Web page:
Behind the 17th door of the Drinks by the Dram Whisky Advent Calendar is a mighty malt from the most northerly distillery in Scotland, Highland Park.
Did you ever study Norse mythology at school? It’s some crazy stuff. The sound of thunder was actually Thor, the lightning god and inventor of Thursdays, riding across the heavens on a chariot pulled by goats. Actual goats! But he wasn’t even the mightiest, that was Odin, king of the gods and inventor of Wednesdays. Yes, without the Vikings, we’d just skip from Tuesday to Saturday because Friday was invented by a Norse goddess, Freya. But back to Odin, he’s the inspiration for the dram behind today’s door which awkwardly is a Thursday rather than a Wednesday. Someone hasn’t thought this through properly. Anyway, today’s whisky is:
Odin was also known as the Valfather and this whisky is appropriately mighty being the most peated in the range but it still possesses that classic Highland Park sweetness and balance. To tell us more about it we are pleased to welcome everyone’s favourite Viking brand ambassador, Martin Marvardsen. He might look ferocious, but he’s actually lovely.
Master of Malt: Can you tell us a bit about Highland Park Valfather and how it is matured?
Martin Markvardsen: Valfather is our most peated whisky to date and is matured in refill casks. The use of refill casks allows the peat to come through much better, giving it a great balance of flavour and depth. Valfather is also inspired by Norse mythology and named after Odin, father of Gods. Our master whisky maker Gordon Motion used refill casks to create a lighter, ethereal character for our whisky to reflect this while the additional peat reflects power.
MoM: What makes Highland Park so special as a distillery?
MM: Highland Park is a special distillery due to many things. It’s the northern-most whisky distillery in Scotland. We still use the traditional art of floor malting and we use local Orkney peat, cut from our very own Hobbister Moor. The climate up in Orkney is very different to the rest of Scotland which influences the way we make our whisky and the end result. We are the only distillery to use Orkney peat which is very different due to the heather which grows on it and the lack of trees on the island. This provides us with a beautiful balance of light peat and heather honey flavour. Founded back in 1798 making Highland Park Distillery one of the oldest distilleries still to produce single malt whisky in Scotland.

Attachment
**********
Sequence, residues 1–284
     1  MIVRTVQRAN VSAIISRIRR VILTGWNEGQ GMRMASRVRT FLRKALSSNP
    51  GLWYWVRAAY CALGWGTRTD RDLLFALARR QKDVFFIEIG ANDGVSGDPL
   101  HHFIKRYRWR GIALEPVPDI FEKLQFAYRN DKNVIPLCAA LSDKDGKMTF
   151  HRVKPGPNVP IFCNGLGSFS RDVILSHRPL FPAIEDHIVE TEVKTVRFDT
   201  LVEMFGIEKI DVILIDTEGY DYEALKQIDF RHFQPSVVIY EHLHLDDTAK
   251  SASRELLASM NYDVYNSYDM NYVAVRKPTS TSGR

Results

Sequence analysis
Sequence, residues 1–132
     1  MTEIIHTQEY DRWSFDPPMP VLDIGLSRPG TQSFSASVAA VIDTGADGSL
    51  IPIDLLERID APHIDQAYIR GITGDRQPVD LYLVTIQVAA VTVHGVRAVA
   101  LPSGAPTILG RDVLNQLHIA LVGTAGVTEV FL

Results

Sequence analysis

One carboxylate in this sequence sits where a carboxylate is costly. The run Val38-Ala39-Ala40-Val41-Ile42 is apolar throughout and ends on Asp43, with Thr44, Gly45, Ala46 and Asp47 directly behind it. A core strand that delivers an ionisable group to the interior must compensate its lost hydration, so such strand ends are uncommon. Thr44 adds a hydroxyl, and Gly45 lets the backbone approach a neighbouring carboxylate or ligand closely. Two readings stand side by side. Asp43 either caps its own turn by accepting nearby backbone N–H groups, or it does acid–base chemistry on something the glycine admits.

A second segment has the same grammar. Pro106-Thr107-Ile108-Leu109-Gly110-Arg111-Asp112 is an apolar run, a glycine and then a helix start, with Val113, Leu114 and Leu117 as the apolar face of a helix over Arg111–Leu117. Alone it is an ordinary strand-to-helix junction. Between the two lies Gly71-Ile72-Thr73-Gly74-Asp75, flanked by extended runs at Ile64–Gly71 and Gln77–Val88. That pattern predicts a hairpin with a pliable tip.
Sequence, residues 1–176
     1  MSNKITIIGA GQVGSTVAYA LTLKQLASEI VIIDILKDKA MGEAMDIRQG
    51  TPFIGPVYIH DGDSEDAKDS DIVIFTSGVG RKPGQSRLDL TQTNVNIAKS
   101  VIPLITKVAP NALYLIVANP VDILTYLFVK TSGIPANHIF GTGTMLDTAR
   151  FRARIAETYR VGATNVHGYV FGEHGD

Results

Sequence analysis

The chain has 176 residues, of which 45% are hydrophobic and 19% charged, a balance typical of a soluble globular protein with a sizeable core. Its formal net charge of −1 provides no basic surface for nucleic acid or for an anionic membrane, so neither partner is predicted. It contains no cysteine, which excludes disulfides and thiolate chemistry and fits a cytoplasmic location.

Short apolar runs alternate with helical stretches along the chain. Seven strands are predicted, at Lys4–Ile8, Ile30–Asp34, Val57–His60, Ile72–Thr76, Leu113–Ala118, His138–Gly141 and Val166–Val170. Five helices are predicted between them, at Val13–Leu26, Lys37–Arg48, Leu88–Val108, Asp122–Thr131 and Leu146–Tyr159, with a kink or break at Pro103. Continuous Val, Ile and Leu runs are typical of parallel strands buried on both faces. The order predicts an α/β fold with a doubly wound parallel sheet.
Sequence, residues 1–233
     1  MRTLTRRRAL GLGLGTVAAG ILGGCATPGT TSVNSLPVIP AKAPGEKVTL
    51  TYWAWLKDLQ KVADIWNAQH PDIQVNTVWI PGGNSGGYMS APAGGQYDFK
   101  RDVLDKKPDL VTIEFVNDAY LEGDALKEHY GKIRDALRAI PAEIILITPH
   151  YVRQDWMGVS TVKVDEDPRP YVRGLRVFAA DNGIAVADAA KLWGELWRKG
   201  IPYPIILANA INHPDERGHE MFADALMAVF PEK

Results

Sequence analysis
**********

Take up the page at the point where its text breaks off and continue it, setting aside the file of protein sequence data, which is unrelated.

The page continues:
MoM: How has the distillery adapted to the unusual events of this year?
MM: Like all distilleries in Scotland, Highland Park followed the government guidelines around lockdown restrictions throughout the year meaning our visitor centre was closed for a number of months throughout the summer. Both production and the visitor centre is now open again and we have implemented a series of new safety procedures to keep our staff and visitors safe. We were still able to launch our exciting new Cask Strength whisky this year with the majority of our launch activity taking place online.
MoM: What do you think the world of whisky is going to look like in 2021?
MM: I think we will see a slightly different whisky world: smaller fairs, fewer events and for us ambassadors a bit more work online. I don’t see sales dropping too much. Well, of course, we will see travel retail coming back, but not at full speed yet. I also hope that 2021 will be the year, where we see a few new distilleries being ready to sell their first bottlings. So all in all, I think and hope that 2021, will slowly bring us closer to a normal day of life in the world of whisky. I’m very positive about the future.
MoM: What will you be drinking over the festive period?
MM: During the festive period I’ll be enjoying the new Highland Park Cask Strength. I’m pretty sure Highland Park 18 Year Old will find its way towards my glass too. One thing for sure, the colder it gets, the more cosy and relaxed I’ll be in front of the fireplace with a dram of Highland Park.
Tasting note from the Chaps at Master of Malt
Nose: Robust, but refined smoke fills the nose initially followed by delicate vanilla, Conference pears, green apple skins and a heady, heavy floral richness. Underneath there’s cedarwood, honeycomb, spice from black pepper and nutmeg, as well as salted caramel before the heathery peat makes itself known. A sprightly sea breeze note emerges with time.
Palate: Simultaneously huge and yet elegant, the palate is beautifully integrated. Layers of creamy vanilla, apricot yoghurt and a helping of crème brûlée interplay with notes of incense burners, iron and salted almonds. Then there’s bitter orange marmalade, charred wood and dried earth among touches of cacao powder, toffee apples and smoked paprika.
Finish: Long and confident. The floral smoke lingers for an age but is offset by tropical fruit and black pepper.